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Japanese vs. American tanks
Posted September 30, 2008 - 12:11 PM
Posted September 30, 2008 - 12:21 PM
Modellers do it with models!
Posted September 30, 2008 - 01:40 PM
List of Japanese tanks and armoured vehicles of the WWII period - Wikipedia, the free encyclopedia
You can go through it, but you won't find anything that the Japanese employed that could take on a Sherman. Some prototypes maybe, but these never reached the battlefield.
Posted September 30, 2008 - 02:20 PM
Posted October 02, 2008 - 12:40 PM
Posted October 08, 2008 - 02:58 AM
Posted October 08, 2008 - 03:32 AM
They certainly used their light tanks to good effect in places like Malaysia and New Guinea, but that probably wasn't to do with their effectiveness against allied tanks, but more the fact that Japanese commanders recognised their usefulness in that theatre. In comparison allied forces (especially early British commanders) were under the imprerssion that the terrain wasn't suitable for tanks. This changed later in the war however.
At the start of the battle Imphal and Kohima the Japanese assumed that the British would be unable to use tanks on the steep jungle-covered hills around Imphal. For the sake of ease of movement and supply, the Japanese were leaving behind most of their field artillery, their chief anti-tank weapon. As a result, the Japanese troops would have very little protection against tanks if these were in fact used against them.
During the battle the 15th Japanese Division encircled Imphal from the north. Its 60 Regiment captured a British supply dump at Kangpokpi and 51 Regiment seized the vital Nunshigum Ridge, which overlooked the main airstrip at Imphal. This was a major threat to British IV Corps, and on April 13 the Indian 5th Division counter-attacked, supported by massed artillery and the M3 Lee tanks of the 3rd Carabiniers. The Japanese regiment had no anti-tank weapons, and their troops were driven from the ridge with heavy casualties.
Also the 7th Armoured Brigade part of the 7th Armoured Division (Desert Rats) was moved to Burma in early 1942 just as the Japanese were pushing the Allies back. The brigade took part in the fighting retreat to India, successfully completed in May just before the monsoons would have cut them off.
So the usefulness of tanks in jungle recognised only by Japanese commanders could not be considered as a rule in my opinion.
Edited by sample, October 08, 2008 - 05:06 AM.
Posted October 09, 2008 - 02:53 AM
Posted October 09, 2008 - 11:04 AM
Fair enough Sample, you have a few examples that put my sweeping statement to shame, but I was always under the impression that allied armour in the far-east was limited in comparison to what the Japanese brought in to effect at the start of their attack. This was particularly apparent in Malayia and Singapore.
I agree with you Morto, i've had the same impression but i think we could not generalize anything related to WW 2; both sides deployed tanks in every theatre of operations; quick victories had the tendency to hide deficiency on winner side and good performance on opposite side; for example it is considered that the idea of multi-tureted tanks was a failure but one action could illustrate a different perspective.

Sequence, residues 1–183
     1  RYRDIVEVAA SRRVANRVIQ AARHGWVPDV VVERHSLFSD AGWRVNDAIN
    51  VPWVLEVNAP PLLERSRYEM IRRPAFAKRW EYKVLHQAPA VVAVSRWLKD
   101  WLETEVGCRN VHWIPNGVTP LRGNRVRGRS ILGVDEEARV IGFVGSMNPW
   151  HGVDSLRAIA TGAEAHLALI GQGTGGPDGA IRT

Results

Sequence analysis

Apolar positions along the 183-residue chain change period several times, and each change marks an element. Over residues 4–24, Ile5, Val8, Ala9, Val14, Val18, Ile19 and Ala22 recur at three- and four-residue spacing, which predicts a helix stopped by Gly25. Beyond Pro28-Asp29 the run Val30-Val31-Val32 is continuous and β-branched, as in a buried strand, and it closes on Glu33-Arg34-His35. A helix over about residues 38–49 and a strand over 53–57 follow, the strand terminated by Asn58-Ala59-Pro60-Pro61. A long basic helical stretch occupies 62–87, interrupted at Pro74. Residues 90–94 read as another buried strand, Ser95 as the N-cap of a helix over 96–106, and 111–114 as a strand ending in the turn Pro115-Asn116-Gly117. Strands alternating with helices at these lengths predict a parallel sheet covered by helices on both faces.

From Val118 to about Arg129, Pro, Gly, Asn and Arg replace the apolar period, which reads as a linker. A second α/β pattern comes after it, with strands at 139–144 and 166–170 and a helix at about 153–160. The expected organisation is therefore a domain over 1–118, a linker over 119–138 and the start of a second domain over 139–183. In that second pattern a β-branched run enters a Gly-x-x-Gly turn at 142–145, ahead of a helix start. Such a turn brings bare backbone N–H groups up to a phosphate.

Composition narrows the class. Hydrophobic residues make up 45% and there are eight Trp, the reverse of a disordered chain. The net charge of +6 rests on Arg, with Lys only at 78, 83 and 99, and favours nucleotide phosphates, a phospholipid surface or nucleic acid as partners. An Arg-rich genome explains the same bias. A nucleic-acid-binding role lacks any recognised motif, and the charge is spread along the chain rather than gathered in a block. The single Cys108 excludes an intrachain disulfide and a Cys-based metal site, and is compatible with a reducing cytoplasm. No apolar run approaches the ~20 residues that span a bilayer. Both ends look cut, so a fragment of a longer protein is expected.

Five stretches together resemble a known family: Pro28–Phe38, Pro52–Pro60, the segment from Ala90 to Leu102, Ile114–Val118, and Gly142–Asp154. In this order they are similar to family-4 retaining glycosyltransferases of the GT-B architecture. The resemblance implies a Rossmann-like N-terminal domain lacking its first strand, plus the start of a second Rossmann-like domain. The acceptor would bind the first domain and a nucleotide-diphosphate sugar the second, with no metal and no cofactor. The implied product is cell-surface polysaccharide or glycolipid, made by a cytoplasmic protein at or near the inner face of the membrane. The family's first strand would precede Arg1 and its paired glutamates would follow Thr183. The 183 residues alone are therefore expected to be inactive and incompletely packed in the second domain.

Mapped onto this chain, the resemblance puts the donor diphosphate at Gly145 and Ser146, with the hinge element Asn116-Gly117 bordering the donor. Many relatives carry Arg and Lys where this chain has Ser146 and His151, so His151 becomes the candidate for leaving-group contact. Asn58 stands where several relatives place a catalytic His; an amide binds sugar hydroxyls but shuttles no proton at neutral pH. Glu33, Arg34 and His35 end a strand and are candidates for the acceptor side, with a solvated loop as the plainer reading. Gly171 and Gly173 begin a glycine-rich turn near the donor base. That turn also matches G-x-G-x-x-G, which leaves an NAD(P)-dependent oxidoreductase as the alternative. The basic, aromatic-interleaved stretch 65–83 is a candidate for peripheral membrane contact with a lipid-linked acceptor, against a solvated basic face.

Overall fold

On 16th May 1940 in Stonne during the battle of France, a single B1bis tank (the B1bis "Eure" from Lieutenant Bilotte) pushed in the town itself into the German defences and went back. He attacked a German column of Pz.Rgt.8 and destroyed 2 PzIV, 11 PzIII and 2 Pak36 guns. The first shots destroyed simultaneously the first (with the 47mm gun) and the last tank (with the 75mm gun) of the column. The first German tanks were at less then 50m range. The armor of the B1bis was scattered with 140 impacts, no one penetrated or really damaged the armor. One can see here a kind of small 'Villers Bocage' action and after that Bilotte was nicknamed 'the butcher of Stonne' by his comrades.
Another myth is the poor performance of the Brewster Buffalo fighter plane in WW 2 while a closer examination might reveal a completely different story:
The worst came up in the hands of the american pilots of U.S. Marine Corps, suffering 15 losses out of 25 aircraft at the Battle of Midway; however, the main reasons for the losses included inexperience of USMC pilots, who attempted to enter into a World War I-style dogfight with experienced Japanese aviators, and the fact that the F2As were outnumbered and at a tactical disadvantage.
The RAF, Royal Australian Air Force, and Royal New Zealand Air Force fighter squadrons in Singapore, Malaya and Burma operated Brewster Buffalo with a victory ratio of 1:1 against Japanese planes; however many loses were caused by poor supplies of spare parts, inadequate numbers of support staff, airfields that were difficult to defend against air attack, lack of a clear and coherent command structure, antagonism between RAF and RAAF squadrons and personnel, inexperienced pilots lacking appropriate training, and not to general characteristics of the plane.
In Finland, the Brewster gained a reputation as one of the most successful combat aircraft ever flown by the Finnish Air Force. In service during 1941-1945, Brewsters of Lentolaivue 24 (Fighter Squadron 24) were credited with 477 Soviet aircraft destroyed, against the loss of 19 Brewsters: a victory ratio of 26:1.
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